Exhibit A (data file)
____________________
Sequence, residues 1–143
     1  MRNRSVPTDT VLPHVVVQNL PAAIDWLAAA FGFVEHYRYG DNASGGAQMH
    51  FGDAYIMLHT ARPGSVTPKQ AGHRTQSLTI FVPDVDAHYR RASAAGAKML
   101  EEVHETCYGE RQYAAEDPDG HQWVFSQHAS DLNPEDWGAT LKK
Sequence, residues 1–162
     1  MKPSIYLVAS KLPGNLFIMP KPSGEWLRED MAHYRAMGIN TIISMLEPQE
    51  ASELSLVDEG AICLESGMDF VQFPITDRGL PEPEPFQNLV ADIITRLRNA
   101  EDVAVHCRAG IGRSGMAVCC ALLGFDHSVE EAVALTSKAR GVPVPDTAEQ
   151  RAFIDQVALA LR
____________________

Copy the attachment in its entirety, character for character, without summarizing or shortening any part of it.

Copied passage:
Sequence, residues 1–143
     1  MRNRSVPTDT VLPHVVVQNL PAAIDWLAAA FGFVEHYRYG DNASGGAQMH
    51  FGDAYIMLHT ARPGSVTPKQ AGHRTQSLTI FVPDVDAHYR RASAAGAKML
   101  EEVHETCYGE RQYAAEDPDG HQWVFSQHAS DLNPEDWGAT LKK
Sequence, residues 1–162
     1  MKPSIYLVAS KLPGNLFIMP KPSGEWLRED MAHYRAMGIN TIISMLEPQE
    51  ASELSLVDEG AICLESGMDF VQFPITDRGL PEPEPFQNLV ADIITRLRNA
   101  EDVAVHCRAG IGRSGMAVCC ALLGFDHSVE EAVALTSKAR GVPVPDTAEQ
   151  RAFIDQVALA LR